In the past decade, international law enforcement agencies have cracked down on websites selling images of the sexual abuse of children. These sites were often operated as money-spinners for criminal gangs, but their need to find customers made them conspicuous, and Internet service providers could easily detect and block their URLs.
“Five years ago, there were a number of large, commercial websites for this material,” says Bjørn-Erik Ludvigsen, a criminal intelligence officer at Interpol. “Now that market has almost gone away.”
But that has far from eradicated the problem. The exchange of images by enthusiasts is still rife, and often takes place via peer-to-peer file-sharing networks, and using anonymisation technologies such as Tor, making it far harder to detect. And unlike criminal gangs, who are in it for the money, these enthusiasts have demonstrated a sexual interest in children.
According to experts speaking at a recent roundtable debate at the Houses of Parliament, the exchange of these images (Interpol advises against the use of the term child ‘pornography’) perpetuates the abuse of children in a number of ways.
First of all, individuals who use these images are indulging behaviour that means they may go on to commit acts of abuse. Secondly, participating in the communities that share these images normalises the sexualisation of children. And thirdly, the images become a social currency within these communities, creating demand for new images to be created.
“We know that a percentage of those people who look at these images have already committed a contact offence, and that a number will go on to commit a contact offence,” says Dr Ethel Quayle, a clinical psychologist specialising in this area. “There is empirical information on this.”
Cracking down on the exchange of these images, therefore, is not a matter of censorship but a critical tool for combating the sexual abuse of children. And according to Christian Sjöberg, CEO of child abuse imagery detection software company NetClean, it is something that businesses have a responsibility to participate in.
A workplace issue
According to Sjöberg, as many as 0.5% of the population – one in two hundred people – has an interest in images of sexual abuse of children. (Attempts to quantify this statistically vary wildly, however, with some discovering a smaller proportion, others much larger).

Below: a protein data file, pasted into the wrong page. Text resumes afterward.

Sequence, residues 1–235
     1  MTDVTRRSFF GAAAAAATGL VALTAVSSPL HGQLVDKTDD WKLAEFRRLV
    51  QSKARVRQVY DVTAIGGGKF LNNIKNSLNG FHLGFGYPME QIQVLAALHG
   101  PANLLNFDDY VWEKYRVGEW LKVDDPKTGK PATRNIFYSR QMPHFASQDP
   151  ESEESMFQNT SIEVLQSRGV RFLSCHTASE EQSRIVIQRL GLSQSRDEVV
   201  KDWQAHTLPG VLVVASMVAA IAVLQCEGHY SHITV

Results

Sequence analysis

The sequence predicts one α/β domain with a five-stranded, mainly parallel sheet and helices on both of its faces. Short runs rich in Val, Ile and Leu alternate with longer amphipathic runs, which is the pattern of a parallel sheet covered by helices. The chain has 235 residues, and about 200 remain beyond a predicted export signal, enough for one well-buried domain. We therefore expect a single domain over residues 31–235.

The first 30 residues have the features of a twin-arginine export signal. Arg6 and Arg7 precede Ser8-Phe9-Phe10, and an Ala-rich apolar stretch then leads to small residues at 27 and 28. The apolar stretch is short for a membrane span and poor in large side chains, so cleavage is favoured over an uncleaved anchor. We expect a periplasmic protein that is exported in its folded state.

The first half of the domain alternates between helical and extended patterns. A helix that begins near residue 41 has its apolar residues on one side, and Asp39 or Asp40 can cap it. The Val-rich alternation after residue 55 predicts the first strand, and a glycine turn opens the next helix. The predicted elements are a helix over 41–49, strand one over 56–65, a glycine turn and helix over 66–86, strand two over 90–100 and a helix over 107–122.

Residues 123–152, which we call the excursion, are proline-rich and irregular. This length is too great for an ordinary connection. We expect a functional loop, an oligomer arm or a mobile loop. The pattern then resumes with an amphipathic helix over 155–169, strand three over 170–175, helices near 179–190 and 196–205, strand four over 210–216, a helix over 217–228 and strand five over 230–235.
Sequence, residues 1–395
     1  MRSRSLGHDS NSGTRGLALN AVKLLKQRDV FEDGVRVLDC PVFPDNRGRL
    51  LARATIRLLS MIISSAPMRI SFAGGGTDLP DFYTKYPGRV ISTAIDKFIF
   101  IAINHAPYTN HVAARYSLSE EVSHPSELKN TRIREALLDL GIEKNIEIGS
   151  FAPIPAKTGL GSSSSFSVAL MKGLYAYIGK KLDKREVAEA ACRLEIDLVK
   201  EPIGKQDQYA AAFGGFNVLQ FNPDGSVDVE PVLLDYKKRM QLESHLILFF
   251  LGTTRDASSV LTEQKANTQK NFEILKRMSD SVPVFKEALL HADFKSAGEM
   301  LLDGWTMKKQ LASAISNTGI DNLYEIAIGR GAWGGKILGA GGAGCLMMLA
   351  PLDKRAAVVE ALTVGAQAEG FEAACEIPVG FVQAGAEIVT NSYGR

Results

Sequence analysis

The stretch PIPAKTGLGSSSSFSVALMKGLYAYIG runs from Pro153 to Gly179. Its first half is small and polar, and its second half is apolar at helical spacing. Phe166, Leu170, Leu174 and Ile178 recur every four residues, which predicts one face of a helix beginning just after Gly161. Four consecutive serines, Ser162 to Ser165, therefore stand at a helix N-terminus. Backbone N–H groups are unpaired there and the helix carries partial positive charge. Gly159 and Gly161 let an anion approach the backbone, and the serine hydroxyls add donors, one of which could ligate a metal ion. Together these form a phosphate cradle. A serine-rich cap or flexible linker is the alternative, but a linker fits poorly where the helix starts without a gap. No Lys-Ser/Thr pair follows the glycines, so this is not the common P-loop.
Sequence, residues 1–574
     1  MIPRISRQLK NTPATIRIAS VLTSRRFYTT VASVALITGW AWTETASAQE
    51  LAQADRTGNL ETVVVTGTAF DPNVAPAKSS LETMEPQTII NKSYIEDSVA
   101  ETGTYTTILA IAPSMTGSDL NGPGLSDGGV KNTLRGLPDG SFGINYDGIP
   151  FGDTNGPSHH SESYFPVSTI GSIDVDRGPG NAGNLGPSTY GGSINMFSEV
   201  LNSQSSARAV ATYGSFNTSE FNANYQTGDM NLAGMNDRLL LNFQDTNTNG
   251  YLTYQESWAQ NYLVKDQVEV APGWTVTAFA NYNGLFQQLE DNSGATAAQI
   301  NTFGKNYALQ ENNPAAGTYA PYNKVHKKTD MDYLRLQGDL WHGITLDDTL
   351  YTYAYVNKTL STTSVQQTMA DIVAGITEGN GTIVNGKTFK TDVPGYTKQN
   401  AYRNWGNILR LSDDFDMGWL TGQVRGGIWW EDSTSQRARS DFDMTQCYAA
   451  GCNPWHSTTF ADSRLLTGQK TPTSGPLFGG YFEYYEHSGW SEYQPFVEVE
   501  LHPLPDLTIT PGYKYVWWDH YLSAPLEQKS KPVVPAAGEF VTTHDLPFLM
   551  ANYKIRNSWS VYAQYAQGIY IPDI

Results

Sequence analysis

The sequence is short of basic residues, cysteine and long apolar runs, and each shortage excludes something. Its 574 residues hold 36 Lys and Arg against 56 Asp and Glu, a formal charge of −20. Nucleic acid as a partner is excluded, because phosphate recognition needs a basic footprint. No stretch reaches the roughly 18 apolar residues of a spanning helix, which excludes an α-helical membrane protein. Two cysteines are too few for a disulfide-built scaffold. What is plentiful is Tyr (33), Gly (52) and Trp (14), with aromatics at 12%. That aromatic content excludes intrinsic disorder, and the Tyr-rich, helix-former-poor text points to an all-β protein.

Furthermore, Sjöberg claims that these people often distribute the images from work. “This is a problem that is happening on organisations’ networks and that is being propagated by their own employees,” he says.
Why, given the consequences of being caught sharing these images at work, would anyone do that?
“Some form of compulsion or risk taking could be part of it, or they might be sharing images with colleagues at work – a number of rings have been found to be work-centred,” says John Carr, an international consultant on child safety and the Internet. “Also, it is possible that their home machine might be being monitored because of a judicial order, or they are worried about being discovered by their wife or children.”
Legally speaking, businesses are protected against liability if one of their employees is using their equipment to distribute such images, as long as they have an acceptable Internet use policy in place and have taken some measures to enforce it. However, the reputational risk is serious, not to mention the moral imperative to help crack down on this behaviour.
In the UK, the vast majority of Internet service providers voluntarily analyse their web traffic to block images of child sexual abuse. However, there are many ways to get around this, which is why Sjöberg argues that businesses cannot simply expect their ISPs to tackle this problem on their own.
“It is high time businesses took responsibility for this and stopped burying their heads in the sand,” he says. “I make a comparison with computer viruses. A company would not rely on the ISP to block computer viruses from entering the organisation, so why would it be different in this case?
‘You have to take care of your computers and your network just the same as you would in all other business processes.”